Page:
Carolinas Beach Vitex Task Force.
University of Georgia. Bugwood Network.
Georgia Forestry Commission.
University of Georgia. Center for Invasive Species and Ecosystem Health.
Provides comprehensive information on cogongrass in Georgia along with links to other southeastern state efforts on cogongrass. To date, Alabama, Florida, Georgia, Louisiana, Mississippi, South Carolina and Texas have on-going research, education and/or control programs that are supported by university, state and federal agency cooperators.
New York State Department of Agriculture and Markets.
Pennsylvania Department of Conservation and Natural Resources.
The emerald ash borer is a half-inch long metallic green beetle with the scientific name Agrilus planipennis Fairmaire. Larvae of this beetle feed under the bark of ash trees. Their feeding eventually girdles and kills branches and entire trees. Emerald ash borer was first identified in North America in southeastern Michigan in 2002.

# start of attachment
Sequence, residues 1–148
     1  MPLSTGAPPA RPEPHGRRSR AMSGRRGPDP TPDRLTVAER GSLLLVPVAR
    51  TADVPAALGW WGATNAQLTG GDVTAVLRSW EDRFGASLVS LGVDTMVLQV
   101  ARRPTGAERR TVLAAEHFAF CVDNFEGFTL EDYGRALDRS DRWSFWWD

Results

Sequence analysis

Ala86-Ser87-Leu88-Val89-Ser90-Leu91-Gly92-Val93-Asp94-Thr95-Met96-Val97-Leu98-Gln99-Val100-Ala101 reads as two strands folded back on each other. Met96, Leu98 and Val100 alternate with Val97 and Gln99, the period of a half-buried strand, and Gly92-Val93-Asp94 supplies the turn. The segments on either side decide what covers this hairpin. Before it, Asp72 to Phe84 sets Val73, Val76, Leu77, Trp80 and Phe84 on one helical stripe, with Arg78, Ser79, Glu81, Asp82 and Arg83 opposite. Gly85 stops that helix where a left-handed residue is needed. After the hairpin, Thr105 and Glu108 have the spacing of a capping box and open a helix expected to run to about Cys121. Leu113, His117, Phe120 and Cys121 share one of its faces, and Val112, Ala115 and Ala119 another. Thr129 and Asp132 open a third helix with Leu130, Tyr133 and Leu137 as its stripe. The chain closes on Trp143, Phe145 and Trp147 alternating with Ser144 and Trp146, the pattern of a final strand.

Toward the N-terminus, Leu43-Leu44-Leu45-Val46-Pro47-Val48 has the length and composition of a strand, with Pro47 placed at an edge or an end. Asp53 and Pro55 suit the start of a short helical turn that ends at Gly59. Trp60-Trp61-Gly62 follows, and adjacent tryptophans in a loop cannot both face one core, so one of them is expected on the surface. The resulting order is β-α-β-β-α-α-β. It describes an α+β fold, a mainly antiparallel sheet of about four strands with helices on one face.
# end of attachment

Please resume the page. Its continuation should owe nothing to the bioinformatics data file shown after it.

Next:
Georgia Invasive Species Task Force.
Governor's Invasive Species Council of Pennsylvania.
New York City Department of Health.
South Carolina Department of Natural Resources. Southeast Regional Taxonomic Center.
Clemson University. Regulatory Services.
University of Georgia. Center for Invasive Species and Ecosystem Health; Megacopta Working Group.
New York Invasive Species Clearinghouse.
Cornell University. Forest Health and Invasive Non-native Forest Pests.
University of New Hampshire. Cooperative Extension; New Hampshire Department of Agriculture, Markets & Food.
New York State Department of Environmental Conservation.
New York Department of Environmental Conservation.
Cornell University. New York State Integrated Pest Management Program.
Pennsylvania Department of Agriculture.
University of New Hampshire. Cooperative Extension.